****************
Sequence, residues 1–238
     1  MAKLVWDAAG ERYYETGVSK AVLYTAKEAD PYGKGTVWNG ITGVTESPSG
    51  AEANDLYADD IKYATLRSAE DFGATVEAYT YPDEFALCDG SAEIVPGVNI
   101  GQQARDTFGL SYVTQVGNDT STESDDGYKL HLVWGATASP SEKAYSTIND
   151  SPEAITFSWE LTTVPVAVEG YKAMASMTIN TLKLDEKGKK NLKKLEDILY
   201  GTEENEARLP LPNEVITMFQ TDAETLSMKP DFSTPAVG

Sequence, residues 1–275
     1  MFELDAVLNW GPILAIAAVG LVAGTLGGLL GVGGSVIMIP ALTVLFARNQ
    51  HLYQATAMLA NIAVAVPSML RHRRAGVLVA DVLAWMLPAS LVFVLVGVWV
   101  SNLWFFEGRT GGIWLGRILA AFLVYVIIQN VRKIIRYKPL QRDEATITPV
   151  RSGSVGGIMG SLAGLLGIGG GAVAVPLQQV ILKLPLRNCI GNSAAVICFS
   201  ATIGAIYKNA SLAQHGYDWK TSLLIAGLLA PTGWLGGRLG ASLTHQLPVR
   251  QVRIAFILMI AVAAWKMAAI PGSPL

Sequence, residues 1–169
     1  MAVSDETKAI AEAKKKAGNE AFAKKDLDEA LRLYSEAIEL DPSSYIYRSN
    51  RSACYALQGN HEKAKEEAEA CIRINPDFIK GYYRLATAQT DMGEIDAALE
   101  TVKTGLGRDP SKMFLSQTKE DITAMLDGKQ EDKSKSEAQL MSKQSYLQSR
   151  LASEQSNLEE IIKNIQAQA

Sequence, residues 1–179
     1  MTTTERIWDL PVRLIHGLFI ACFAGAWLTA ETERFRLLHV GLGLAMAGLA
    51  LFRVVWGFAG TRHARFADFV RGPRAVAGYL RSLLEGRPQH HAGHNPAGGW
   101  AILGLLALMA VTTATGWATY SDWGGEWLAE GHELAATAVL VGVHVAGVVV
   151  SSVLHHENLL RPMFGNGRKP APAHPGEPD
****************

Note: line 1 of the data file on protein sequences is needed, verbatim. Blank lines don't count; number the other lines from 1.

Sequence, residues 1–238